Redistricting commission adopts Ohio congressional district map over objections by Democrats
The commission approved a congressional district map that creates 10 Republican districts, three Democratic districts, and two competitive districts that lean slightly in favor of Democratic candidates. The new map had to include one less district than the current map.
The commissioners debated the merits of the congressional district map. Democratic members said the plan is drawn to favor Republicans and would be found unconstitutional by the Ohio Supreme Court.
The court has already invalidated a congressional map passed by the Ohio Legislature in November. In that map, 80% of the congressional districts favored Republicans. The court's ruling stated that map did not reflect Ohio's voter preference by party, which is about 54% Republican and 46% Democratic.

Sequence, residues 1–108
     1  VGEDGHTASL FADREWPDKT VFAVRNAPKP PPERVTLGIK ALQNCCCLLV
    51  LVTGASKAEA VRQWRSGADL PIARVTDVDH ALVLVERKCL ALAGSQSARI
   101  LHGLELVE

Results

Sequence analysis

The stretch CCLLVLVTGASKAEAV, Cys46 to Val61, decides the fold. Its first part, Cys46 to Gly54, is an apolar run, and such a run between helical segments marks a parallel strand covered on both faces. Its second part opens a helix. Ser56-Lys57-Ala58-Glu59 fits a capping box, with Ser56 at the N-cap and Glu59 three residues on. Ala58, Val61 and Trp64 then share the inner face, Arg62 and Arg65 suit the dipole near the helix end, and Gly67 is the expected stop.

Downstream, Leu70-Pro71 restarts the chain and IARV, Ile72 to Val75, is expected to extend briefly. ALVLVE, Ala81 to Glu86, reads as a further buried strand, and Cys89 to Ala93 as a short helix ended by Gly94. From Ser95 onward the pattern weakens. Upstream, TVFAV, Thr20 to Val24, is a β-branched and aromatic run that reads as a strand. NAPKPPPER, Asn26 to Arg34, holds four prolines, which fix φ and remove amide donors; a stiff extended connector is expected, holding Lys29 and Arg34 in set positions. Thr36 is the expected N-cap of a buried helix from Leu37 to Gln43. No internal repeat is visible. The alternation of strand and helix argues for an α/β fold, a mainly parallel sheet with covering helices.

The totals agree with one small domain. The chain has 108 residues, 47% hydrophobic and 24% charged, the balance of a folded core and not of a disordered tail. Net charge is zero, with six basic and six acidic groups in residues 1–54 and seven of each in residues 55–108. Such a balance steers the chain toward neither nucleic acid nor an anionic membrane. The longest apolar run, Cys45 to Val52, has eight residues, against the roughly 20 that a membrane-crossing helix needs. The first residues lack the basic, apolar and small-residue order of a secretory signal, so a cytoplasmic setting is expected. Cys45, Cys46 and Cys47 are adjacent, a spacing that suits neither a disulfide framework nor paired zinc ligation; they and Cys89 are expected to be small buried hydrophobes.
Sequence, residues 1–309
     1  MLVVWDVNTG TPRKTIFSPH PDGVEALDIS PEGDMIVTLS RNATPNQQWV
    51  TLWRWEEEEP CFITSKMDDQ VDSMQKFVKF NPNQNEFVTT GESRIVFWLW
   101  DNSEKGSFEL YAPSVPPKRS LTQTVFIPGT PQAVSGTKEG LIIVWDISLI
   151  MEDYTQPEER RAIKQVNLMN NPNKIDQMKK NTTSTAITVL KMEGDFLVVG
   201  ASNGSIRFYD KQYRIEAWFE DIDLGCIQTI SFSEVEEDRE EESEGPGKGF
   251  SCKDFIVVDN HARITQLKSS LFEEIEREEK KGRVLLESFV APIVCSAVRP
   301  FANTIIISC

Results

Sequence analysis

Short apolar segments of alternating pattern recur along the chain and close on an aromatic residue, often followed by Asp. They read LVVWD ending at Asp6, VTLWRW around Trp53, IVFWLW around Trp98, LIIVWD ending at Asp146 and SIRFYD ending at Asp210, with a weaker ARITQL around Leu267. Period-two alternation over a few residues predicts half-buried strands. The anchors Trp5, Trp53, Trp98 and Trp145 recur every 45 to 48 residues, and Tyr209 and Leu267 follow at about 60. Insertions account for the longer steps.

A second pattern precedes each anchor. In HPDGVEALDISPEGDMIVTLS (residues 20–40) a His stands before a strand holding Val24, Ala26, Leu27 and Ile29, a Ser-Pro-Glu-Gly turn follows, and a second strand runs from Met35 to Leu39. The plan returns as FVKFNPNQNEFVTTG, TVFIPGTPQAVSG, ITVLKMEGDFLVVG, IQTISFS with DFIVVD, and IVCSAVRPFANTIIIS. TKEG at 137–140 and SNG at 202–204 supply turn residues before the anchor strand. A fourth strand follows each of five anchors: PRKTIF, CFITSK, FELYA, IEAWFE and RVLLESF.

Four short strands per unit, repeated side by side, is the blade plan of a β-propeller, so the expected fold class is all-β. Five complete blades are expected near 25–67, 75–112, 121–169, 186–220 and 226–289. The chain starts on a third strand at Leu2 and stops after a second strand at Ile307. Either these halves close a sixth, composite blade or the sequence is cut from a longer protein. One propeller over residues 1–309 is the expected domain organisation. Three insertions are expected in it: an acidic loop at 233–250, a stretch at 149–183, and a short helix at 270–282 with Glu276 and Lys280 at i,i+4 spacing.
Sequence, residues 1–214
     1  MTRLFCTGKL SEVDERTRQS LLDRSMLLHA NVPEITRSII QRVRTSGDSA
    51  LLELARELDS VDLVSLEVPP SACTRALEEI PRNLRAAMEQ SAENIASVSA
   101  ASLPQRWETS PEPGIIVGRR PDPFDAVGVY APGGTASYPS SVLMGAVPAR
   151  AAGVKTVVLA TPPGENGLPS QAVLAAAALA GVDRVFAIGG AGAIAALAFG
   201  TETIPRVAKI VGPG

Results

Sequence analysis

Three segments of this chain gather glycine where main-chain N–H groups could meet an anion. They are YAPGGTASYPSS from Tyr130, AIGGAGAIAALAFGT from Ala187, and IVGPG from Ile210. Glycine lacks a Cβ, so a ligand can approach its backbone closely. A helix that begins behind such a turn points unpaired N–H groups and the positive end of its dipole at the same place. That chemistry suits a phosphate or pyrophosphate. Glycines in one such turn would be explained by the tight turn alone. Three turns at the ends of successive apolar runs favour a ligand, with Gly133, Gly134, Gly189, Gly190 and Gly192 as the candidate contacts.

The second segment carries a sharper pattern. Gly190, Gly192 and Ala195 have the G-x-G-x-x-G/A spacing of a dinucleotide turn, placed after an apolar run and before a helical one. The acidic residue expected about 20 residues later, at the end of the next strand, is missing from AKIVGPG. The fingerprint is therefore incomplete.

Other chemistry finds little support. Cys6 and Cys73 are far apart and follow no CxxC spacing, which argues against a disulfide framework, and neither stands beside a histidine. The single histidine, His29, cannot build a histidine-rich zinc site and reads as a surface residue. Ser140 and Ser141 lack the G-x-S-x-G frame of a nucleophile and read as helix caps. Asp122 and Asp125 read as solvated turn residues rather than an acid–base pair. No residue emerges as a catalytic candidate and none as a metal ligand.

House Minority Leader Allison Russo (D-Upper Arlington) proposed making changes to the Republican-drawn plan. Those changes would shift the party breakdown by creating eight Republican districts, six Democratic districts, and one competitive district that leans Democratic.
Russo said the commission should slow down and try to work on reaching a bipartisan agreement.
"To come to some agreement, get to a map that will pass constitutional muster, that will get bipartisan support, will be in effect for ten years, and will allow us to conduct elections," said Russo. "It's really that simple."
Republicans commissioners rejected those changes and another map proposed by the Democratic members by a vote of 5 to 2.
The filing deadline for congressional candidates is Friday.
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